The Mobile County Communications District has already begun work on a $40 million communications system improvement project, but minutes before a ceremonial groundbreaking Nov. 17, a requested change order related to the project raised questions from one of the seven commissioners.

The project, awarded to Harris Communications in 2013, seeks to enhance the emergency communications system throughout the county using Harris’ “Project 25 (P25)” 700 MHz radio system. It was partially funded with a $34.9 million revenue bond issued last year authorized by the Mobile County Commission.

To support new equipment, the project will also include the construction of five new communications towers at sites on Salco Road, in Citronelle, Wilmer, Bayou la Batre and on Bay Road.

Included in Harris’ bid was a structural analysis of all the system’s towers, a task subcontracted to local engineering firm Nell-Schaffer Inc. The analysis was completed in August and revealed structural weaknesses in two of the proposed towers, including the Mobile-Washington (MoWa) tower MCCD purchased for $100,000 in 2006.

The tower in the MoWa location was originally used for cable broadcasts and is significantly higher than the 680 feet needed to transmit emergency radio signals.

Steve Smith of Harris Communications said in its current state, the additional weight of the upgraded equipment would overstress the bottom of the tower, which is why the change order recommended removing the portion of the tower the district wouldn’t need. The changes to the tower are estimated to cost around $225,000.

The board approved a total of $406,600 in change orders last week. Other costs included $105,000 to paint the five new towers — an FAA requirement “inadvertently omitted” from the original bid.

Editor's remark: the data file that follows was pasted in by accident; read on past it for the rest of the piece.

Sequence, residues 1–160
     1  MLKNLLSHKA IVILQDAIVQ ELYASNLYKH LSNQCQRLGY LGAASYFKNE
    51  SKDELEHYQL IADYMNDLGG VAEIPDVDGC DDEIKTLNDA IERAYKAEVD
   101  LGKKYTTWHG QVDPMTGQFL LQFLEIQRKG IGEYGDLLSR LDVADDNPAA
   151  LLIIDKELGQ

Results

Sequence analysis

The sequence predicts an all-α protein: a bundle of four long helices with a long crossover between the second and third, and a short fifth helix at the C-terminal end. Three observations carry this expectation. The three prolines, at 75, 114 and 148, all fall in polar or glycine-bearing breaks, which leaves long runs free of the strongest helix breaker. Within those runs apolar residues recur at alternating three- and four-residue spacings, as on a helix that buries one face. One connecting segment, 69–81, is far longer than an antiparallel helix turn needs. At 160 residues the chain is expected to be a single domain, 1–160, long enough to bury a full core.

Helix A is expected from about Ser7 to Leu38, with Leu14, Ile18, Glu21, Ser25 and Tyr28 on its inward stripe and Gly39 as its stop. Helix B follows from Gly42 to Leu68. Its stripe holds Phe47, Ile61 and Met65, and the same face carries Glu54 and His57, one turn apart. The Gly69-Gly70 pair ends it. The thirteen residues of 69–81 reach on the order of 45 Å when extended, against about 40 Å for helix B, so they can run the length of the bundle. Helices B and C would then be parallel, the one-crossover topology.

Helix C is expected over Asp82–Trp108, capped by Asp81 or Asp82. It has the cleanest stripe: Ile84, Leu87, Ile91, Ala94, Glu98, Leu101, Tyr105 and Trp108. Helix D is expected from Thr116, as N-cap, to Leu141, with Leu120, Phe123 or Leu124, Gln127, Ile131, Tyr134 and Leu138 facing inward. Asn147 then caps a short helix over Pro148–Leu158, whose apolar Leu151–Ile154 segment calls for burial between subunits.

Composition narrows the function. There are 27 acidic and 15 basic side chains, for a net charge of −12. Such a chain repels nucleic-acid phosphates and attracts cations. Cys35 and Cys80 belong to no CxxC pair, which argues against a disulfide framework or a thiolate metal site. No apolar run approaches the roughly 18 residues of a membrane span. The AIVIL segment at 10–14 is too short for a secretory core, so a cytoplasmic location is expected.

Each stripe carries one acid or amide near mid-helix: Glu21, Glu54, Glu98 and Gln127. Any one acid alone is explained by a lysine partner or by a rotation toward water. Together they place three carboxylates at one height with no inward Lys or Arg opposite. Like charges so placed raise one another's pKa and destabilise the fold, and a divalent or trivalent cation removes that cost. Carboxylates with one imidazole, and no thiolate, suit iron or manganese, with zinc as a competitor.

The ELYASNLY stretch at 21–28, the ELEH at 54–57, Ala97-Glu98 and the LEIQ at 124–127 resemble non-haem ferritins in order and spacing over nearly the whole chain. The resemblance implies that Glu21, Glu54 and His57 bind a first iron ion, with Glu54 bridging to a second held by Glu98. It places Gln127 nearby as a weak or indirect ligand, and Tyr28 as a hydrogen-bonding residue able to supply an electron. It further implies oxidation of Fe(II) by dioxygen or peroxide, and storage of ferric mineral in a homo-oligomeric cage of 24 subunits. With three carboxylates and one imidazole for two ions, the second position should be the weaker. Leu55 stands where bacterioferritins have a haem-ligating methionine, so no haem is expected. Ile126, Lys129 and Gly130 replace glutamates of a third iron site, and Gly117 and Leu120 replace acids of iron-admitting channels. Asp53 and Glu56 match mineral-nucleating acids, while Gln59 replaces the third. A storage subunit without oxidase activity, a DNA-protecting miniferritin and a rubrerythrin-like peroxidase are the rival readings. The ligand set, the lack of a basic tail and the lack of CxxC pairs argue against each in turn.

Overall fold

Commissioner Trey Oliver, who voted against the change order, expressed concern over the cost and timing. Oliver said the project has been in discussion for more than a year and a half, and wanted to know why the problems with the towers were just being addressed.

“We couldn’t have the structure analyzed up front because we had to have someone know what (equipment) we were going to put on the towers,” MCCD Chairman Joe Ruffer said. “The board’s decision was to wrap that in a single packet. The change order couldn’t have been prevented.”  

As for the cost, Larry Wettermark — who recently replaced William H. Wasden as the board’s attorney — said by statute, there is no limit to the cost of a change order.

“There’s a lot of misconception on this, but the Alabama Department of Public Examiners only uses a 10 percent (of the original bid) mark as an audit flag with regards to change orders,” Wettermark explained. “If it’s reasonable, it won’t be criticized, and if you look at the scope of this project, the amount of these change orders are well below any audit flag.”

After much discussion, the board voted 6-1 to approve the change order, pending a review by Wettermark.

Oliver also questioned upgrades the MCCD has made in recent years, including those at the MoWa tower included in the change order. According to Eric Linsley, director public safety communications, $50,000 in equipment has been added to the tower since it was purchased in 2006.

Although when asked, former board member and Mobile County Sheriff’s Office employee David Benefield said the communication quality in the northern part of the county is the worst it’s ever been in his experience.